A Closer Look at the 2022 Elections

By Mike Huckabee Published on January 31, 2023

Despite a strong challenge by Harmeet Dhillon, on Friday, Ronna McDaniel was reelected to an unprecedented fourth term as the chair of the Republican National Committee. A lot of grassroots conservatives were not happy about that. Jennifer Van Laar of RedState.com was at the event all week and wrote an excellent report filled with onsite observations and comments, some of which reflect a disturbing disconnect between the GOP elites and the base.

She also has comments from Charlie Kirk about the problems with today’s Republican Party leadership, a response from Harmeet Dhillon, and some good insights on where we go from here and how base conservatives who are fed up with the national party leaders need to pour their energies into local elections. I think we’ve all learned recently just how important those school board and district attorney elections that most people used to ignore really are.

Turnout Was Not the GOP’s Main Problem in 2022

But while many angry Republicans blame the RNC for party losses and the fizzling of the “red wave,” and for not working to gin up maximum voter turnout or ignoring early voting, Matt Vespa at Townhall.com reports that a new analysis of the 2022 election suggests that turnout was not the GOP’s main problem.

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Nate Cohn of The New York Times discovered that “in state after state, the final turnout data shows that registered Republicans turned out at a higher rate — and in some places a much higher rate — than registered Democrats, including in many of the states where Republicans were dealt some of their most embarrassing losses.” The Republicans lost major races because too many of their own voters split their tickets.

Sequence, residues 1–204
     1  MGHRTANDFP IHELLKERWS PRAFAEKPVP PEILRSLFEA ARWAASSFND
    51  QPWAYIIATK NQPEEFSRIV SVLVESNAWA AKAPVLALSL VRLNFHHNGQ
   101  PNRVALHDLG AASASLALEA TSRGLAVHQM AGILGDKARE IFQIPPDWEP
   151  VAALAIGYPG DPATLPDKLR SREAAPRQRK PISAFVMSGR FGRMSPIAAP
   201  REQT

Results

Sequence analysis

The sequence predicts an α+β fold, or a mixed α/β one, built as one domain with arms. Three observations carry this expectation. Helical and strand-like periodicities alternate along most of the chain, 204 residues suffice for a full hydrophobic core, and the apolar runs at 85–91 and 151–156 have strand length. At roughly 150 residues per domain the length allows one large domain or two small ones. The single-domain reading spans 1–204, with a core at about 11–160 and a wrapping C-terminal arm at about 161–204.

Republicans Split Their Tickets

For instance, the Democrats now hold the Senate because in Georgia, uber-liberal Raphael Warnock forced a run-off and then defeated Herschel Walker. But the same voters in November gave Republican Gov. Brian Kemp a victory of nearly 8 points over Stacey Abrams. Republican turnout was so strong that any other Republican running besides Walker could have easily survived a loss of 2 percentage points of their vote. And the run-off didn’t have a month of early voting for the Democrats to exploit.

Even in states that were very favorable for Republicans, in some cases, voters split the ticket and voted for Democrats. Why isn’t clear. To me, it seemed obvious that virtually any Republican running would have been better than the alternative, if for no other reason than flipping Congress. Maybe they wanted “stability” (they think Biden is giving us stability?!) over “chaos and disruption,” which is how the media painted any candidates backed by Trump. Or maybe there is enough of an anti-Trump faction in the Republican vote to cost the GOP elections they could otherwise have won.

‘Close’ Only Counts in Horseshoes

Yes, the party does need to work harder on turnout, embracing early voting and, as much as I hate to say it, even ballot harvesting, if the state has made it legal and the Democrats are doing it (and they’ll be doing it, all right — Republicans can ban it after they get back in power.) But we also need to pick candidates in primaries who can win in general elections.

It’s not something most Republicans want to think about, but it needs to be considered. “Close” only counts in horseshoes, and in the long run, the GOP repeatedly losing elections by 0.5% won’t help save America any more than losing by a landslide will.


Mike Huckabee is the former governor of Arkansas and longtime conservative commentator on issues in culture and current events. A New York Times best-selling author, he hosts the weekly talk show Huckabee on TBN.

Originally published at MikeHuckabee.com. Reprinted with permission.

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